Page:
Japanese Design: Interior Painting

by Donni Jones

The sources of possible inspiration for interior painting are almost endless. One good option is to let a region be your muse: Mexico, Tuscany, Santa Fe or even Japan. Elements of Japanese design lend themselves well to a number of creative and eye-catching interior painting ideas.

Conventional Coloring

In traditional Japanese design, interior paint colors are ones that are not only sophisticated and modern but also very relaxing and muted. Paint natural, neutral, warm tones on your walls: soft gray, beige or brown. There are no patterns in traditional Japanese design, but for a pop of contrasting color, you could do an accent wall in a bold black, chocolate brown or natural green, or use small turquoise or red accents around the room.

Updated Idea

Try a more modern take and get inspired by the meanings of colors in Japanese culture. The combination of red and white is believed to be lucky. White symbolizes purity and truth. The color yellow is considered sacred, green is restful, orange represents knowledge and purple signifies royalty. Do a red-and-white-striped feature wall in a living room, paint a purple accent wall in a bedroom or paint a sunroom a pale yellow or light green.

Lovely Lettering

Use Japanese calligraphy on your interior walls. This writing is very beautiful and will add drama to the décor of any room. Have a saying or short phase translated into Japanese, then have the characters painted onto the walls in a fitting location. For example, paint "welcome" "or "God bless our home" in the foyer, "family" or "live, laugh, love," in the family room, or "eat dessert first" or "kiss the cook" in the kitchen.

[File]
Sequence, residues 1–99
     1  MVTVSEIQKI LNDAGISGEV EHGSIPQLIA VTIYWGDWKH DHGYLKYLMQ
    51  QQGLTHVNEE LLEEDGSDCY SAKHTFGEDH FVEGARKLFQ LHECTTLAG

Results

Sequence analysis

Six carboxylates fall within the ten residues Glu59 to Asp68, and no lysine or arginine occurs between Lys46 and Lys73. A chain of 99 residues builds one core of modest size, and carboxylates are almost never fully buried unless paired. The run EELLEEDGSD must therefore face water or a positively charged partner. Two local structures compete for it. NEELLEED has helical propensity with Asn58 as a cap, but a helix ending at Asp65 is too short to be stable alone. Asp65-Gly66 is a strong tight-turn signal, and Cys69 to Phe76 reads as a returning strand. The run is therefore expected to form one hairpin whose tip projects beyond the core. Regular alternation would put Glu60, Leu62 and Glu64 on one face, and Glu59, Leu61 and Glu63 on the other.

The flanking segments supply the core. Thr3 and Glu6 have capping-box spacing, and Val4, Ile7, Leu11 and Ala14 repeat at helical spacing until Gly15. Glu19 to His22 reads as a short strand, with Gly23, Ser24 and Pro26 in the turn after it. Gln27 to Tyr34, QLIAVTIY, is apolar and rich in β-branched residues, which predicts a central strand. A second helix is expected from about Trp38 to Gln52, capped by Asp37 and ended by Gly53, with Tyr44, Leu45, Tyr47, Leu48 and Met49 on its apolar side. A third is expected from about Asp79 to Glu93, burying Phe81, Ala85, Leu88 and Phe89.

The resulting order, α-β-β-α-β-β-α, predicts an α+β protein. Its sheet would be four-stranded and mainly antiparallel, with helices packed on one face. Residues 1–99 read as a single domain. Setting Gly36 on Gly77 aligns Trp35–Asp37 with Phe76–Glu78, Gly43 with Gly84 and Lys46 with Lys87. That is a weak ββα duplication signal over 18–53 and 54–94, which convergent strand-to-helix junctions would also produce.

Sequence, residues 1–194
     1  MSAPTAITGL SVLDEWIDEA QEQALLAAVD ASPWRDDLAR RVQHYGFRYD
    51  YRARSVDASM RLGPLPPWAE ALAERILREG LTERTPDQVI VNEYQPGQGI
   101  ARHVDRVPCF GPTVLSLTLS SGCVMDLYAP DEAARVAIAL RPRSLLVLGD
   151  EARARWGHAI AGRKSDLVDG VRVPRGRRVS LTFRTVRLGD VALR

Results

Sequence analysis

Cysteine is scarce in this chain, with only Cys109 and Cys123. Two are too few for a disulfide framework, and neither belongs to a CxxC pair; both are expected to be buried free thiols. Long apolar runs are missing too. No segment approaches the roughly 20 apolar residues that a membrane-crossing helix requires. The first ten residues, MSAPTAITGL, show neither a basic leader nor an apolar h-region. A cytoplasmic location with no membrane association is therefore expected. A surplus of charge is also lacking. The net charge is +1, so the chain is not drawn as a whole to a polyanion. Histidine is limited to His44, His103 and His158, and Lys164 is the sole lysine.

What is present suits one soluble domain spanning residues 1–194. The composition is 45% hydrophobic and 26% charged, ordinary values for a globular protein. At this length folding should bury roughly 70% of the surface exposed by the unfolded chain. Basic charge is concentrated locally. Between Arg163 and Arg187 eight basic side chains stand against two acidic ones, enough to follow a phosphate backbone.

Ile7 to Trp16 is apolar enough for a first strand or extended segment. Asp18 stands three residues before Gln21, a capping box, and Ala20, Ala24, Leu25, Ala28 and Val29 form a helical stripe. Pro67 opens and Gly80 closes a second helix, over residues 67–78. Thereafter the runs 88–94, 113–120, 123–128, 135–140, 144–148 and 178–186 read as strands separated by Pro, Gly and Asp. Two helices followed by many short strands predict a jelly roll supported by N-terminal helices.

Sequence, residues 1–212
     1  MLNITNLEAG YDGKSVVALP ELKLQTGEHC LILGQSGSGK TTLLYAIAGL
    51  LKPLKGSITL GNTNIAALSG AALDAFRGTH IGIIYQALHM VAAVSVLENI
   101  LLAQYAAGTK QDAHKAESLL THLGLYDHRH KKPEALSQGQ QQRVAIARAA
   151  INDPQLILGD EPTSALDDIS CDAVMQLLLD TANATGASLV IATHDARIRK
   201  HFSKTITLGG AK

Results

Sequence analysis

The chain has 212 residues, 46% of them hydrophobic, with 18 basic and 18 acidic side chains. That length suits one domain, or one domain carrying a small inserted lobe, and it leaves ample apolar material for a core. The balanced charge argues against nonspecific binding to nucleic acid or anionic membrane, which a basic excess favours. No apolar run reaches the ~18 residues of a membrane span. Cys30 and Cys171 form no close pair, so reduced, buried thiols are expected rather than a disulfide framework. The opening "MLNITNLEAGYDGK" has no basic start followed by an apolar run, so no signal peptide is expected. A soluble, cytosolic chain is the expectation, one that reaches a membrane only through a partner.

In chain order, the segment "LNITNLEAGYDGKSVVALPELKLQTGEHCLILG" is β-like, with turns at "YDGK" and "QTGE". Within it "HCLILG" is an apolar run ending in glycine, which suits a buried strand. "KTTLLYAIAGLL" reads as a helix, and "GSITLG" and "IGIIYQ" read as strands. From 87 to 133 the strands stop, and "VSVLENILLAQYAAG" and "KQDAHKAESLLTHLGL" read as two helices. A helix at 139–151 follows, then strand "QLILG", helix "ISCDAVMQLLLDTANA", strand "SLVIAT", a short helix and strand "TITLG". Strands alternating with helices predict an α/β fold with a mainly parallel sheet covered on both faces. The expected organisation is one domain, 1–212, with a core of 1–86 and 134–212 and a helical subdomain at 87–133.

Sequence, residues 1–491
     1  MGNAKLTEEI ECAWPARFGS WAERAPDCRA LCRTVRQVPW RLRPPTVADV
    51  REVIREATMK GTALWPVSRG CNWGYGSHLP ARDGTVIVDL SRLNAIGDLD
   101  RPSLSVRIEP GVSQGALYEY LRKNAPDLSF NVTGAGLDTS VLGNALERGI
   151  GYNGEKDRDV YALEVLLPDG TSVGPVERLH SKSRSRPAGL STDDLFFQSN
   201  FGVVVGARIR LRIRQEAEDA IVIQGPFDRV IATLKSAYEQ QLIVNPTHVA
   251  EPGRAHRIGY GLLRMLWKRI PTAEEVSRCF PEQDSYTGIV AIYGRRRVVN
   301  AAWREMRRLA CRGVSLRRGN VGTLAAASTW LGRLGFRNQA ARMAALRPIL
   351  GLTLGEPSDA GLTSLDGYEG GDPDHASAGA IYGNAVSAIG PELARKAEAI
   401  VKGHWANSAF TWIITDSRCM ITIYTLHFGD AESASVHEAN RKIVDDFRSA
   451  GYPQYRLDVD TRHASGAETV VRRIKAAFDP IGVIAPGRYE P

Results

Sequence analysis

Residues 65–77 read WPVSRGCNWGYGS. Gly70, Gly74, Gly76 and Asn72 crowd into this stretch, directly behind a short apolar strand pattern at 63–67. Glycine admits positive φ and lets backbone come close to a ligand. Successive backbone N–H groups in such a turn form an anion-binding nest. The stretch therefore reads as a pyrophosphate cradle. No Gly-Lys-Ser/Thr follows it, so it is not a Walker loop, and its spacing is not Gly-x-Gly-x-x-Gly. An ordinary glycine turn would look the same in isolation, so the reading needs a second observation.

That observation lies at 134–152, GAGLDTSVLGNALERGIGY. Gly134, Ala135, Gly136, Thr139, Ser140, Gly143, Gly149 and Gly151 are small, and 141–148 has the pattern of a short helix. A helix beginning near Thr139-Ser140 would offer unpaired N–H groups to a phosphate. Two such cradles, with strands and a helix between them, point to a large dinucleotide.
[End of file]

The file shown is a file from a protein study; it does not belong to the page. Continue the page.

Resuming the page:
Painted Picture

Painting a Japanese-inspired mural on an interior wall is yet another option. Hire an artist, or, if you can draw, try it yourself. For ideas, look online and in books and you'll find Japanese murals featuring bodies of water such as rivers, lakes and seas; animals such as tigers, birds, fish and dragons; and plants and flowers such as bonsai, cherry blossoms, bamboo and orchids.

About the Author

Donni Jones has been an editor and writer since 1996. She has edited articles for and contributed content to numerous publications, magazines and online businesses such as FootSmart.com and KateAspen.com. She holds a Bachelor of Arts in English from the University of West Florida.

Photo Credits

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